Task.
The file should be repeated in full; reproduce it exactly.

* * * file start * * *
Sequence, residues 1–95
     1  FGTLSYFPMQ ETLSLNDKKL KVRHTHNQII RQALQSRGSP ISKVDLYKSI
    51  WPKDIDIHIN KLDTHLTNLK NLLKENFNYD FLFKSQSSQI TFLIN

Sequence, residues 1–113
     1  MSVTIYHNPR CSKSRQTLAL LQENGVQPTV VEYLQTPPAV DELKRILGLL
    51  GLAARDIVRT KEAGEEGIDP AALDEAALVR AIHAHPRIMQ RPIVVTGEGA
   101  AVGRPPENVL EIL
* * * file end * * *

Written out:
Sequence, residues 1–95
     1  FGTLSYFPMQ ETLSLNDKKL KVRHTHNQII RQALQSRGSP ISKVDLYKSI
    51  WPKDIDIHIN KLDTHLTNLK NLLKENFNYD FLFKSQSSQI TFLIN

Sequence, residues 1–113
     1  MSVTIYHNPR CSKSRQTLAL LQENGVQPTV VEYLQTPPAV DELKRILGLL
    51  GLAARDIVRT KEAGEEGIDP AALDEAALVR AIHAHPRIMQ RPIVVTGEGA
   101  AVGRPPENVL EIL